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Alternative namesSepticemia is the presence of bacteria in the blood ( bacteremia ) and is often associated with severe disease.
Causes, incidence, and risk factors
Septicemia is a serious, rapidly progressing, life-threatening infection that can arise from infections throughout the body, including infections in the lungs, abdomen, and urinary tract. It may precede or coincide with infections of the bone ( osteomyelitis ), central nervous system ( meningitis ), or other tissues.
Septicemia can rapidly lead to septic shock and death. Septicemia associated with some organisms such as meningococci can lead to shock , adrenal collapse, and disseminated intravascular coagulopathy , a condition called Waterhouse-Friderichsen syndrome .
Signs and testsPhysical examination may show:
TreatmentThis disorder must be treated in a hospital, usually with admission to an intensive care unit.
Intravenous (IV) fluids are given to maintain the blood pressure . Strong IV drugs called sympathomimetics are often needed to maintain the blood pressure. Oxygen therapy is begun to maintain oxygen saturation.
The infection is treated with broad spectrum antibiotics (those that are effective against a wide range of organisms) before the organism is identified. Once cultures have identified the specific organism that is responsible for the infection, antibiotics that are specific for that organism are begun.
Plasma or other treatment may be needed for correction of clotting abnormalities.
Expectations (prognosis)Septic shock has a high death rate, exceeding 50%, depending on the type of organism involved. The organism involved and the immediacy of hospitalization will determine the outcome.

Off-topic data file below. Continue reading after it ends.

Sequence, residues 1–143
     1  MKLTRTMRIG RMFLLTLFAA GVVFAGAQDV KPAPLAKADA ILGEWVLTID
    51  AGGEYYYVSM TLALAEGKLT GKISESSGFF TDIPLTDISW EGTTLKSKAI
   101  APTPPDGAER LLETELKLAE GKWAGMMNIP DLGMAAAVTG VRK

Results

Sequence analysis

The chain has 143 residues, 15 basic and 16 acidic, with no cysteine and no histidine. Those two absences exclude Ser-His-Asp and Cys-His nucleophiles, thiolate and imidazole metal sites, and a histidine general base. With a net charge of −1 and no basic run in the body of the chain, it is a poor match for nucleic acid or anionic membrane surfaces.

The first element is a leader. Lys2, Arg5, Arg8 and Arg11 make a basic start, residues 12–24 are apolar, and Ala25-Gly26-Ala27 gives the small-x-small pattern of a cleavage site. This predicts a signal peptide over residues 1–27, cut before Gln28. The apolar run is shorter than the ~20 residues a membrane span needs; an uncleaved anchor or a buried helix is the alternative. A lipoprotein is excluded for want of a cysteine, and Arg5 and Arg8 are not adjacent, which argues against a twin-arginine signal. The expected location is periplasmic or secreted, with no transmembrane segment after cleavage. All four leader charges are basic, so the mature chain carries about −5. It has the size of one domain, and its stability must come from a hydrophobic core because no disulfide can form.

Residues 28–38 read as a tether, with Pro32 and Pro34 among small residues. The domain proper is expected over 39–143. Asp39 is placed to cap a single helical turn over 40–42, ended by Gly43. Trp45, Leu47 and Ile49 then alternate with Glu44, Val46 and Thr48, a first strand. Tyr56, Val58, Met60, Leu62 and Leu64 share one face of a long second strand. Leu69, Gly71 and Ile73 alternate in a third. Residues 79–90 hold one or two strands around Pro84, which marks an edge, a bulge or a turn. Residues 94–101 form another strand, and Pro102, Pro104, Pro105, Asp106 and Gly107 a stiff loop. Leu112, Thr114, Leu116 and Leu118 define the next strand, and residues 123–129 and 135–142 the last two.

Calling your health care providerSepticemia is not common but is devastating and early recognition may prevent progression to shock.
Call your health care provider if your child is not current on vaccinations or has not had immunizations for Hemophilus influenza B , commonly referred to as a HIB shot. If your child has a damaged spleen from any disease or has had it removed, schedule an appointment for an immunization against pneumococcal disease.
Appropriate treatment of localized infections can prevent septicemia. HIB vaccine for children has already reduced the number of cases of Hemophilus septicemia (and Hemophilus meningitis, epiglottitis, and periorbital cellulitis ) and is a routine part of the recommended childhood immunization schedule.
Children who have had their spleen removed or who have diseases that damage the spleen (such as sickle cell anemia ) should receive pneumococcal vaccine. Pneumococcal vaccine is not part of the routine childhood immunization schedule.
Update Date: 11/18/2003D. Scott Smith, MD, MSc, DTM&H, Infectious Diseases Division and Dept. of Microbiology and Immunology, Stanford University Medical School, Stanford, CA. Review provided by VeriMed Healthcare Network.
Last updated: Tue, 06 Jan 2009 00:20:03 GMT